As a champion of green initiatives and sustainability, Melina is excited to be leading the ZEIC — an organization she views as vital to Vancouver and the region’s future.
“Going forward, in the years and decades ahead, the ZEIC will play a vital role in shaping how the city and the region mitigate the impact of climate change. This role is clearly set out in the Centre’s vision, ‘of achieving zero emissions by 2050 through mass, transformation innovations in buildings, transportation, energy supply and other GHG-intensive sectors.’”
On a personal note, Melina is thrilled to be working directly with the ZEIC’s founding supporters in British Columbia — the Morris J. Wosk Centre for Dialogue and Simon Fraser University (SFU), the City of Vancouver, Metro Vancouver, and the Province of British Columbia. Beyond BC, that support network extends to the Federation of Canadian Municipalities (FCM) and the six existing members of the greater LC3 Network in Calgary, Edmonton, the Greater Toronto and Hamilton Area, the Halifax Region, the Montreal Metropolitan Community and Ottawa.
“Meaningful change only happens when there is true collaboration,” says Melina. “As we ramp up our activities, we have trusted partners in British Columbia and across the country that will be partners in our journey to create renewable cities in the Metro Vancouver region.
- Mike Mellross: Advancing climate action in the Prairies
As the new Program Director for the Climate Innovation Fund (CIF), Mike Mellross recognizes that Alberta’s Low Carbon Cities Canada (LC3) Centres will have some interesting challenges to overcome and opportunities to nurture in the near future.
“We are grateful for the hard work of the people in the oil and gas industry who have provided many benefits for Alberta and Canada,” he says. “We know we are builders and have so many capacities for innovation. So, we need to support our economy’s transformation and help achieve the deep emissions targets that will lead us to a low carbon future. Leaders in all sectors are very willing to look at new business models and new energy systems, and work towards carbon neutrality as a goal. It's all about how we get there together!”
Hosted by the Alberta Ecotrust Foundation (AEF), CIF’s endowments from the federal government support two Centres: one in Calgary and one in Edmonton. Though working under one banner, each Centre will focus on the unique challenges and opportunities of their respective city, and will have their own distinct funds, grant program, projects, initiatives, and more. They join the other LC3 Centres in the network, led by five other organizations in cities across the country and the Federation of Canadian Municipalities.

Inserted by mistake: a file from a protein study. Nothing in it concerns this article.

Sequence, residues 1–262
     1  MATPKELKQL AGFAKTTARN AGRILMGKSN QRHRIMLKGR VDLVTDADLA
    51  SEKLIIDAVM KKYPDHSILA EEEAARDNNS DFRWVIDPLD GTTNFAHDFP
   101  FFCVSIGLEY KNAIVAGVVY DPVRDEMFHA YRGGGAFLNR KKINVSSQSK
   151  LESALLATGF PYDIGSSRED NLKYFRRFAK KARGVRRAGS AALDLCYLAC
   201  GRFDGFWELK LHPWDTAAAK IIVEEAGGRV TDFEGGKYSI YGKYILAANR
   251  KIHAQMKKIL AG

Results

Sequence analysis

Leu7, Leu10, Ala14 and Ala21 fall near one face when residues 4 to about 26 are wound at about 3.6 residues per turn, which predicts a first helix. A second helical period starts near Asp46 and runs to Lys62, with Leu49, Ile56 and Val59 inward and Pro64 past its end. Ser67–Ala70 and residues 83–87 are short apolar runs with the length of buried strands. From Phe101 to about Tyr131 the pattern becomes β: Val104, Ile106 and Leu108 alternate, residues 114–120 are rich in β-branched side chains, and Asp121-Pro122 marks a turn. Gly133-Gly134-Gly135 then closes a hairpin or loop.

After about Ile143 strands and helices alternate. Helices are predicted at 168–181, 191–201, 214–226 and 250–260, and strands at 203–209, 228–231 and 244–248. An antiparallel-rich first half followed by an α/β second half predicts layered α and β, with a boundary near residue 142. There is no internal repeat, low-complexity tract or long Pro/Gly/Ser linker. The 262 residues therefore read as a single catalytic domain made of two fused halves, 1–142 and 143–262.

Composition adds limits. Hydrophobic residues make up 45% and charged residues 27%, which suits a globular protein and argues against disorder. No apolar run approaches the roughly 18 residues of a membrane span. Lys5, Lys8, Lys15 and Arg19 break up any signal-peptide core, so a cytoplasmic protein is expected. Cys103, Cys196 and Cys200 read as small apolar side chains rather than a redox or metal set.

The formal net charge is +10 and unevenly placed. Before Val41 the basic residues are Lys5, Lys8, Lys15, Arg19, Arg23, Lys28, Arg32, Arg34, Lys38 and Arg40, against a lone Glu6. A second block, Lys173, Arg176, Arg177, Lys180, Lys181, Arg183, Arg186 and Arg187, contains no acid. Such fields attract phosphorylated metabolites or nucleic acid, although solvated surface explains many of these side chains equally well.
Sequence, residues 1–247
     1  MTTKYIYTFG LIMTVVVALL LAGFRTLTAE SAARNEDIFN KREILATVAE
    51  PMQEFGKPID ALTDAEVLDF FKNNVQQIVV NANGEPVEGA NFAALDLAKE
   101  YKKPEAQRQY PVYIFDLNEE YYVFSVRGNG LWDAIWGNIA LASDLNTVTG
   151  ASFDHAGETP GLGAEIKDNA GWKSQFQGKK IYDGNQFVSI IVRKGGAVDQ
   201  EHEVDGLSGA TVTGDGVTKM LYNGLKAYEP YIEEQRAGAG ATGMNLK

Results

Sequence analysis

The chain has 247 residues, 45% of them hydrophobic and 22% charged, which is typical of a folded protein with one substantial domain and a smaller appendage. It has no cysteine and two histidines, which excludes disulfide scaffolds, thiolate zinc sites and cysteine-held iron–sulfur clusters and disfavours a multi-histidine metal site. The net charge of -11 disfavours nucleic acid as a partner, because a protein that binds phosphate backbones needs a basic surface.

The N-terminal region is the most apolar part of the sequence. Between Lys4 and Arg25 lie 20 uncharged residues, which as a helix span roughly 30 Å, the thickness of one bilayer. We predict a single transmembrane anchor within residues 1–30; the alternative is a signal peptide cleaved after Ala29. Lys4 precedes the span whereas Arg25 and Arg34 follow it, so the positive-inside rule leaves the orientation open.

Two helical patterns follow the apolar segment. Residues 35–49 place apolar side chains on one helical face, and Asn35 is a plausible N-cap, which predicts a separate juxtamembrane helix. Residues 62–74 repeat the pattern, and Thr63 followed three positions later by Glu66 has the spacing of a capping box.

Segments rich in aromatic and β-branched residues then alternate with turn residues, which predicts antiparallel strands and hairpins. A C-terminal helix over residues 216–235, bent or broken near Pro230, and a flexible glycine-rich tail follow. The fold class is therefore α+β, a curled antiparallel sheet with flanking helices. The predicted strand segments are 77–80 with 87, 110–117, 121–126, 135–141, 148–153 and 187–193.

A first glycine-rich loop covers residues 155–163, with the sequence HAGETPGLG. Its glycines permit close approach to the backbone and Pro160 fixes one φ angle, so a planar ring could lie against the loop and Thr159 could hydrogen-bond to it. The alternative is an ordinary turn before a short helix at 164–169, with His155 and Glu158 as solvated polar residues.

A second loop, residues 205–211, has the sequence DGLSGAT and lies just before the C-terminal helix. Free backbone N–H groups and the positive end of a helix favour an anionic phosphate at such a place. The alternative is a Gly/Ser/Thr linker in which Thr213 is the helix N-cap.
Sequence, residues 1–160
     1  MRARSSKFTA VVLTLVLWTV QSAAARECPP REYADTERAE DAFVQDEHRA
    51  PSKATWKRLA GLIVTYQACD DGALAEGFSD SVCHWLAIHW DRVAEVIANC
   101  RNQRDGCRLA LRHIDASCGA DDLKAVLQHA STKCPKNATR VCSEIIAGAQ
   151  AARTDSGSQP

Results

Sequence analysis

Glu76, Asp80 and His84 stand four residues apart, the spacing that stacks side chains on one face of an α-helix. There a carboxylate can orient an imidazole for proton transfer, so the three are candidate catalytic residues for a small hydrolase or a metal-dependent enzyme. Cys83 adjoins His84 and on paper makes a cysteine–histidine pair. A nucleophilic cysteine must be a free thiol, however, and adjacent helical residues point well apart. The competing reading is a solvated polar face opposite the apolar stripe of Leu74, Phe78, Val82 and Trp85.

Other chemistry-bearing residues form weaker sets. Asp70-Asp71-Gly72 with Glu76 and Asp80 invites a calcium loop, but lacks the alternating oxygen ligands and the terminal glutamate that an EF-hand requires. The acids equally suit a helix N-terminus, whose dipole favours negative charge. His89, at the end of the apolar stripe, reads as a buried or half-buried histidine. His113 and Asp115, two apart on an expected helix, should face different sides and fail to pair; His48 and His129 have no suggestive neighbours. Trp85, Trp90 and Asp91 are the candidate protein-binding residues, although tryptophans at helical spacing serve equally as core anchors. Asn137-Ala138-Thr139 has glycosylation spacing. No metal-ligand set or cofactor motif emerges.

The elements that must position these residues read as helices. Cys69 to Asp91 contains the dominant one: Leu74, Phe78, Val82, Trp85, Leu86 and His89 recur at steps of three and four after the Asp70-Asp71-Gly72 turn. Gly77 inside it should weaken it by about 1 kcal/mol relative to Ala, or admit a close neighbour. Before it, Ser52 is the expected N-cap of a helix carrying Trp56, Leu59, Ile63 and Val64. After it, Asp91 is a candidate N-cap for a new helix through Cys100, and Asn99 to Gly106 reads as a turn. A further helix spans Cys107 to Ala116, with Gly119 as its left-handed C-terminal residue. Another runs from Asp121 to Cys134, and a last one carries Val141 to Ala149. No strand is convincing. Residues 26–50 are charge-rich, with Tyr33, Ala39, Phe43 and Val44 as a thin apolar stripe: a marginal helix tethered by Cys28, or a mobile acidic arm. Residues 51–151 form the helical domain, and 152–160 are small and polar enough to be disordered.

“CIF is ambitious!” says Mellross. “I think it will be critical to take our lead from the cities themselves. They have developed robust local climate plans with frameworks and pathways for success. The LC3 network is a great platform for sharing best practices and ideas – we are all very supportive [and excited about] doing that.”
Mellross is excited to build on the operational strengths of AEF, and of an already active climate action ecosystem in Alberta. “We must be very catalytic in our actions,” he says about his future plans to foster innovative climate action in both cities. “We need to look for opportunities that are going to leapfrog rather than base our solutions on incremental [progress]. Solutions that are equally beneficial to the environment, the economy, and the people in our communities.”
Over his 30-year career, Mellross has worked for various private enterprises, with a focus on consulting, engineering, and wildlife management.
He has also worked for the City of Edmonton where he initiated the procurement plan to purchase 100% green electricity for all city operations, managed the City’s climate change office, as well as developed the energy transition strategy and renewable energy programs.